The Case Against Laptops In The Classroom (Plus Phones And Other Distracting Devices)

  • Melissa Doyle
  • 28 November 2017
  • 10:43 PM

As the holidays approach, so does exam season for students across North America. By now, educators hope (and expect) that students have learned everything needed in order to succeed, which means that they must comprehend the course material in addition to the notes they took throughout the semester. But for most students nowadays, these notes live on a laptop, and there is growing evidence that typewritten notes may not be what's best for students. 

So, we ask — are your students really as prepared as they could be?

Handwritten Notes are Arguably Better

In 2014, Scientific American reported that writing notes on paper and typing notes on a laptop are two significantly different cognitive activities. The article cited the now widely popular study, The Pen Is Mightier Than the Keyboard, by Princeton and UCLA researchers, Mueller and Oppenheimer, which found that less information is retained when typing notes instead of writing them by hand. As well, researchers found that individuals who are simply near another student with a laptop open are more easily distracted than if a laptop were not present.

 Scientific American reported that writing notes on paper and typing notes on a laptop are two significantly different cognitive activities.

Three years later, and the conversation continues to grow. Another study earlier this year, conducted by researchers at the University of Chicago, found that the mere presence of a smartphone reduced an individual's available cognitive capacity, sounding the alarm on yet another digital distraction. It seems that researchers are consistently finding that one cannot retain information as successfully when using a laptop or cell phone while trying to focus in class.

While the phsyical landscape of a classroom might be changing, learning as an activity has not. Brain-science expert and York University professor Dr. Brynn Winegard emphasizes that learning is not a passive but an active experience — whether the class is history, art, or economics, one must be engaged and fully present in the class in order to learn effectively. 

How Students Might Be Disadvantaged By Technology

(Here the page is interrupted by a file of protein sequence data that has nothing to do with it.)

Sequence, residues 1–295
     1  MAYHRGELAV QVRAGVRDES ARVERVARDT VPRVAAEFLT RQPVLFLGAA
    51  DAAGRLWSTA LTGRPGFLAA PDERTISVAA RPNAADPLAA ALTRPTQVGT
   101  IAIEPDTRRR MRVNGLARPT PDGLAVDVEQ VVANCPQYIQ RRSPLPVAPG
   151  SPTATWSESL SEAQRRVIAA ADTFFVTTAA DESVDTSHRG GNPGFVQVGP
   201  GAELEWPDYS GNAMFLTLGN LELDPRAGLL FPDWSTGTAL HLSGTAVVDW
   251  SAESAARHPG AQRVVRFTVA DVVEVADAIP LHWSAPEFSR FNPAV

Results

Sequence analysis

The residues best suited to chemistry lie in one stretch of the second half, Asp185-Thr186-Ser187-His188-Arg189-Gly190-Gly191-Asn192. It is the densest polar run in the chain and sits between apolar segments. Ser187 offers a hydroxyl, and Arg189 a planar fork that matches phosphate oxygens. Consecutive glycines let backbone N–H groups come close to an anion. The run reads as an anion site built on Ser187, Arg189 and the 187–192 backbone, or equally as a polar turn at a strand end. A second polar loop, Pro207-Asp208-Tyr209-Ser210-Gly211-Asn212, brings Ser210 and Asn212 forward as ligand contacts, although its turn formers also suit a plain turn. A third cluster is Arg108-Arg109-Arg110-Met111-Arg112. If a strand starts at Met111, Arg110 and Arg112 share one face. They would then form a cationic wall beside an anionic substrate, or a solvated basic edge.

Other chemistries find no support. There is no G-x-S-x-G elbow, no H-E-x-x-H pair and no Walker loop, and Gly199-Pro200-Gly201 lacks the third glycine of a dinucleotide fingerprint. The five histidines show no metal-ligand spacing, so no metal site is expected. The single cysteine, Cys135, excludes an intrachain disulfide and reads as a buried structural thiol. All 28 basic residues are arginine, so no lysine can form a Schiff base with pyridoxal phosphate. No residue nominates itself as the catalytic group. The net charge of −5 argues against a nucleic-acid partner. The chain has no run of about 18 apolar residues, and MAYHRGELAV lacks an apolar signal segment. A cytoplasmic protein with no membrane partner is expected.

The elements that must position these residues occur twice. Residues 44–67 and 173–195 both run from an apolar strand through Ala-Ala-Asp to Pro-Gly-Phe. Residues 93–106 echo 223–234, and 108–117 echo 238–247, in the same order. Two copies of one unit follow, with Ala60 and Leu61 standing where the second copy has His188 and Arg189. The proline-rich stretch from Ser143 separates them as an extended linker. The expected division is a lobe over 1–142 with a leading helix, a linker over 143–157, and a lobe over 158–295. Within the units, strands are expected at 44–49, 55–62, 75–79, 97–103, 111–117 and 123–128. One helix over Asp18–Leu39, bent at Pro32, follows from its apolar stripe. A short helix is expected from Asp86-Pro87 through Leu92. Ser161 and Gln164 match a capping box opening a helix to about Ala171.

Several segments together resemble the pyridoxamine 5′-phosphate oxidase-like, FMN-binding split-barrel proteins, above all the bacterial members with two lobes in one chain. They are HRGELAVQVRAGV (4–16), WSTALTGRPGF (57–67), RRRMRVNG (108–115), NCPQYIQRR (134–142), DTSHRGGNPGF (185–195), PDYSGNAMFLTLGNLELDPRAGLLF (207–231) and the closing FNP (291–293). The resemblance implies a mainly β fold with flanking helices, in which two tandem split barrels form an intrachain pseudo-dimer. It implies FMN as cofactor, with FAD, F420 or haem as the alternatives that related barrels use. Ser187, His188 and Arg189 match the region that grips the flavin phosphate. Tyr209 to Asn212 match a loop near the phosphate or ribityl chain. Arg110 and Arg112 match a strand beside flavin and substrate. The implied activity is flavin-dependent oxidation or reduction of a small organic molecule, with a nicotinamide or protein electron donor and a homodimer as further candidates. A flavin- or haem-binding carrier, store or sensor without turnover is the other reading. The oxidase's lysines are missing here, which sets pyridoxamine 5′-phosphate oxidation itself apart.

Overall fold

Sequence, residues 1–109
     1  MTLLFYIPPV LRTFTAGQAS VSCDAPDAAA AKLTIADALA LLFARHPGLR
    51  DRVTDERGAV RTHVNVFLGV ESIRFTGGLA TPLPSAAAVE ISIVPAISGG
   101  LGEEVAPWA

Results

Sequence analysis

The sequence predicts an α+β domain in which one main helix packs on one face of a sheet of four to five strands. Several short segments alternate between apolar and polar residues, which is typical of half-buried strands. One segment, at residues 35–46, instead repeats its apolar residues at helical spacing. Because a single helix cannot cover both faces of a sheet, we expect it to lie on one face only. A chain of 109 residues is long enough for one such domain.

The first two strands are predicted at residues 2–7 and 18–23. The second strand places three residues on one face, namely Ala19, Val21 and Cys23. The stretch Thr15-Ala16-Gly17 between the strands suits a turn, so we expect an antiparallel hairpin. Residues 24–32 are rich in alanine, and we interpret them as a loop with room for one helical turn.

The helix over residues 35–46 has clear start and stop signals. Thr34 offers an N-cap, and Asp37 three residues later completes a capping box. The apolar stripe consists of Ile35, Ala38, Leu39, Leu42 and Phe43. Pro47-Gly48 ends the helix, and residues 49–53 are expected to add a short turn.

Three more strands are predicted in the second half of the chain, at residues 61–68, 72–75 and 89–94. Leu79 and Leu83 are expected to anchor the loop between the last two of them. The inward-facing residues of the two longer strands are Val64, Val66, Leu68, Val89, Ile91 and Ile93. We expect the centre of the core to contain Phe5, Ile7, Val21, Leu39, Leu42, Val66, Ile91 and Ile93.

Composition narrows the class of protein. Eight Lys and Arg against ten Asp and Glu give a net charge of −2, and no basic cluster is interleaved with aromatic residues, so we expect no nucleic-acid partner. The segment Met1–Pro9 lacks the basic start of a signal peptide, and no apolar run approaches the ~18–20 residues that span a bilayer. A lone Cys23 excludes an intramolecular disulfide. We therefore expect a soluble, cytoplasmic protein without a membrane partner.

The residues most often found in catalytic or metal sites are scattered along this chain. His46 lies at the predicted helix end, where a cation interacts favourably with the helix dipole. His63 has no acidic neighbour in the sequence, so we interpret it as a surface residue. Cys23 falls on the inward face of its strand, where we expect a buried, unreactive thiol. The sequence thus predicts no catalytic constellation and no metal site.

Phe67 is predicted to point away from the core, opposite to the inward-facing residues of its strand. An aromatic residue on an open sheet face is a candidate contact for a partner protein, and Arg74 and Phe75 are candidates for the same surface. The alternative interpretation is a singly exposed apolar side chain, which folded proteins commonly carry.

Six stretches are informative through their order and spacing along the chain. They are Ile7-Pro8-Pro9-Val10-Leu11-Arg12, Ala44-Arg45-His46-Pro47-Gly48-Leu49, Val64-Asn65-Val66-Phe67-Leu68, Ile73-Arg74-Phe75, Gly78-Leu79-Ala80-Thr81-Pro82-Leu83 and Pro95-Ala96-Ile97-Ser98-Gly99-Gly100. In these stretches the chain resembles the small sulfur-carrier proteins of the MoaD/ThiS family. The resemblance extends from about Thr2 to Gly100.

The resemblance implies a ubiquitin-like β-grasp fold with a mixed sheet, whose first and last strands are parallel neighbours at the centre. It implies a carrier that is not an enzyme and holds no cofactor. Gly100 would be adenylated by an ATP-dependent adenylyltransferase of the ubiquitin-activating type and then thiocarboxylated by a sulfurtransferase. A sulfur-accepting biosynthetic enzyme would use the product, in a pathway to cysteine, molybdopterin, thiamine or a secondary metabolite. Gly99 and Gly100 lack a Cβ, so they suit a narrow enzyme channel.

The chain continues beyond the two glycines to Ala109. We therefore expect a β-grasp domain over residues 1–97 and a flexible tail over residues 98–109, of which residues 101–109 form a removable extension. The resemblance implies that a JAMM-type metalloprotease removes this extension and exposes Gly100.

As technology advances, students are beginning to use digital devices for social, entertainment, and educational purposes at a much younger age. And while it may be beneficial in some cases to use technology to engage students, a recent study at MIT found a relationship between lower exam performance and the use of laptops. It found that students performed much better in a classroom where laptops and other devices were prohibited, as opposed to students in a classroom where these same devices were permitted. 

Educators from across North America have been discussing this topic for some time now. Professor Susan Dynarski from the University of Michigan, for example, shared a collection of recent observations and research in the New York Times. “Laptops distract from learning, both for users and for those around them," she says. "It is not much of a leap to expect that electronics also undermine learning in high school classrooms or that they hurt productivity in meetings."

"Laptops distract from learning, both for users and for those around them. It is not much of a leap to expect that electronics also undermine learning in high school classrooms or that they hurt productivity in meetings." 

- Professor Susan Dynarski for the New York Times

nullNew York Times comic by Peter Arkle, further illustrating the significant difference between handwriting and typing lecture notes.

What Educators Should Consider

It’s critical to acknowledge that, while laptops are certainly beneficial, there must be a balance between activities performed with devices and those performed using more traditional methods. Much like an employer might expect their employee to participate in offline experiences such as brainstorming and whiteboarding sessions, classrooms should be no different.

This isn't to say that technology should be avoided entirely, but rather, to know when and where it might be most appropriate to use technology. For example, Dr. Josie Ahlquist, Digital Leadership instructor at Florida State University, recommends that educators take the time to thoughtfully evaluate technology before integrating it into their course. “Technology needs to be purposeful,” she says. “It should be tied to the learning objectives of your course and even to the mission of the university. Not every department needs a Twitter account.”

What We Suggest For Students

With exams soon approaching, it's best to review notes and rewrite them on paper in order to retain the most information. We also recommend using Flipd to unplug from digital distractions and recharge until it's time to reconnect.

Technology can indeed help our lives in a multitude of ways, but it's counter-productive when these technologies become a nuisance for when it's most important to focus and pay attention. After exams are done, you can get back to scrolling through Instagram or Reddit — but just like going away to the cottage for the weekend, it never hurts to recharge and spend some time away from screens. It is about balance after all.


Educators seeking to promote tech-life balance in their classrooms should consider trying Flipd. The platform uses behavioral economics to nudge students away from distractions, while giving educators engagement data that helps them make more informed teaching decisions. Find out how psychology professor, Dr. Alicia Drais-Parrillo, uses Flipd in her class or click below to register a free account. 

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